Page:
And from a Freudian perspective, being a 'cool dad' in front of potentially thousands of feis moms (he says confidently assuming this is just naturally happening anyway) is good for my ego, or maybe my id, never really got all that. That is happening, right? wink OK, so maybe it just plays along well with my extroversion.

Pay and drive, drive and pay...

Now this next part may come out chauvinistically, but is truly not meant to be. Irish Dancers are predominantly female, with 'female requirements' (hair, makeup, holding up the dress on pee breaks between dances, etc..), which lends itself well to having a Mom being the responsible parent. On the other hand, there are some that are more suited for Dads, and if both parents are lucky enough to participate, things just kind of settle out a certain way.

In our house, dad polishes the shoes, mom polishes the nails. Mom does the makeup and I say, 'does she really need that much makeup?' Mom puts on the wig and I stand there holding the bobby pins, and other hair accessories for easy access. When it comes to the hair, it is better that way.

Meeting expectations, I am more likely the one to drive, drop Mom and TGC off at the front door when it is raining, or when we have to park in the middle of nowhere, and carry the chairs. I tend to think that is more chivalry (or maybe caveman mentality, 'must take care women') than anything else. I am also the one more likely to tell people 'down in front' when they are blocking the stage at a feis, but that is more because of my outward, some say intimidating, appearance, which tends to get results.

There are somethings I can do that my wife can't physically, or that are not in her nature. The time we thought TGC broke her foot the night before feis and I carried her to the car, and then into the emergency room, for example (TGC and my wife are about the same size). But things like that are uncommon, and I know she would have found a way if I hadn't been there. I am also the more competitive one, analyzing the competition and coaching TGC on how to handle certain situations. But those are both 'typically' dad things, not necessarily feis dad things.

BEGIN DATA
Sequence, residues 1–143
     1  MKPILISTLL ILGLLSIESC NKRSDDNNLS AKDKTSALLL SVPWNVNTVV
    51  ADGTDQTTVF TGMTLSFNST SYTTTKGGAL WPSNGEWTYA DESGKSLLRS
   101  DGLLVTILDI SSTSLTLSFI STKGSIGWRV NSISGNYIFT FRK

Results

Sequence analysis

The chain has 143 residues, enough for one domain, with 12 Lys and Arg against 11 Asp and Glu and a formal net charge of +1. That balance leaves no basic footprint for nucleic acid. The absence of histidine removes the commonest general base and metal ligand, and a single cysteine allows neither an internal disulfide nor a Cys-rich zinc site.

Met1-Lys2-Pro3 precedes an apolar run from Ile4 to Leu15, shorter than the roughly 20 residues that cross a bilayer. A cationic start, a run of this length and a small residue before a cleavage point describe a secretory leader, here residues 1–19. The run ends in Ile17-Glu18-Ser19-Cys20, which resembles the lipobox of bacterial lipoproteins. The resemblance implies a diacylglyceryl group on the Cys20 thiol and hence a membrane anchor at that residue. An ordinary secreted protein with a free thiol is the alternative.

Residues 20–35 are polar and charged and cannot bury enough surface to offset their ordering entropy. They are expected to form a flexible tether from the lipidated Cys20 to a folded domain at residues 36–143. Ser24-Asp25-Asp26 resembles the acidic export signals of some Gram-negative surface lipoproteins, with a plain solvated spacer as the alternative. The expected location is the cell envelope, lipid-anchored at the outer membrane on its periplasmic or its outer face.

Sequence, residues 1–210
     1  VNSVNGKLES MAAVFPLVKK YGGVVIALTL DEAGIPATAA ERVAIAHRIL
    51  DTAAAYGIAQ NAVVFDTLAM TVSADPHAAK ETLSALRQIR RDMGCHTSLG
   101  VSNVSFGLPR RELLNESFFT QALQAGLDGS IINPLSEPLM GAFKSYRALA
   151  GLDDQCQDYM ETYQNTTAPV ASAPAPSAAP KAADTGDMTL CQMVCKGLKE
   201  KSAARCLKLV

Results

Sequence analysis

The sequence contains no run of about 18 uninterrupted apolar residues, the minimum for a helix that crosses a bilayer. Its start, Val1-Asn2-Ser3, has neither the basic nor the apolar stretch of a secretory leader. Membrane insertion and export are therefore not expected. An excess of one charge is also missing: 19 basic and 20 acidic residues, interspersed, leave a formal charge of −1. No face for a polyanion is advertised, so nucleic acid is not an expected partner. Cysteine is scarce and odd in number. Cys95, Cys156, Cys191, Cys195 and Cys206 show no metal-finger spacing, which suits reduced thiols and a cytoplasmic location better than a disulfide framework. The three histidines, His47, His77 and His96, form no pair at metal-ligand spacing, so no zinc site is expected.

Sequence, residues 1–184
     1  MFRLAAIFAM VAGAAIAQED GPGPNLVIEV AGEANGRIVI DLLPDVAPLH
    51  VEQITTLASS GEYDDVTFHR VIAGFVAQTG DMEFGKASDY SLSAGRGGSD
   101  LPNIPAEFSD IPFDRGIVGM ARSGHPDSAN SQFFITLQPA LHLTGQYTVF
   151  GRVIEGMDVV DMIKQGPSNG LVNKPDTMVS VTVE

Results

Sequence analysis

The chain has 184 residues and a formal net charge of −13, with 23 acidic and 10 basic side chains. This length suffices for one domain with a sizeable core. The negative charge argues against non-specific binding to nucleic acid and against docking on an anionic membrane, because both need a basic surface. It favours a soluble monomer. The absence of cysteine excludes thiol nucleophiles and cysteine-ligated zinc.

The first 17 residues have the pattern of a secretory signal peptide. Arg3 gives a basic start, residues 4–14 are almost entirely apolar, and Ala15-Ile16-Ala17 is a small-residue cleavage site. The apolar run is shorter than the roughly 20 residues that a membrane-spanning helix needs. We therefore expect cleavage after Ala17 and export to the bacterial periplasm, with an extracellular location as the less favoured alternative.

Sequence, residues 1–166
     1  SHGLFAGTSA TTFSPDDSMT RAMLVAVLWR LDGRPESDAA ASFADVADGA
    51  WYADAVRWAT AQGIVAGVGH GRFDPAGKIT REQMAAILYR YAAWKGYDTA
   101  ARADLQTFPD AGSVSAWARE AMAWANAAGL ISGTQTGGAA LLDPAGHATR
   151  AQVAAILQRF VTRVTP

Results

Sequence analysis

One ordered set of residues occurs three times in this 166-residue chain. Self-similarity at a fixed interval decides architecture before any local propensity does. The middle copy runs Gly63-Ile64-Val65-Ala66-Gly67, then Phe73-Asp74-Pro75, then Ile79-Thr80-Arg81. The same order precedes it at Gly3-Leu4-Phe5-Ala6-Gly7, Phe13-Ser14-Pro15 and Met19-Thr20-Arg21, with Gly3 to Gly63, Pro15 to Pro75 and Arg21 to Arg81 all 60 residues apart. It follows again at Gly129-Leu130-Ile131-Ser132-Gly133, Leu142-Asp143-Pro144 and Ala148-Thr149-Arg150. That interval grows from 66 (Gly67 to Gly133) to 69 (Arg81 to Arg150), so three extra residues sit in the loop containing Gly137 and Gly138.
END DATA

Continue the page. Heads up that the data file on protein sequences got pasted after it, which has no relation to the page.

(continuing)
There are some responsibilities where I might cross the 'typical gender barrier' in our little feis ecosystem. I am the one who is most likely to suggest ice cream as a consolation, or possibly a celebration after a feis. I am also the one who cried when TGC finally got the last (of 8) first places she needed to move to PC. The last thing, is the fact that I write a blog for Irish Dance, which is probably the last thing you would expect a typical mid-western, outwardly intimidating, dad to do.

When it comes to being a feis dad, I tend to think I am just being a dad, doing what any normal dad would do, but surrounded by Irish dancers. To be honest, I wouldnt have it any other way.

Comments

Tom - Bristol
28 March 2014

Another great post Feis Dad. I couldn't agree more with with you!

Sign in to subscribe to comment notification emails

Add your comment

Thank you so much. I can’t say enough as to how helpful all of you have been. This has been a great experience and I appreciate all the feedback and communication.

Pat - USA
Sign in to your Antonio Pacelli account
×
Enter your email address to receive instructions on resetting your password
×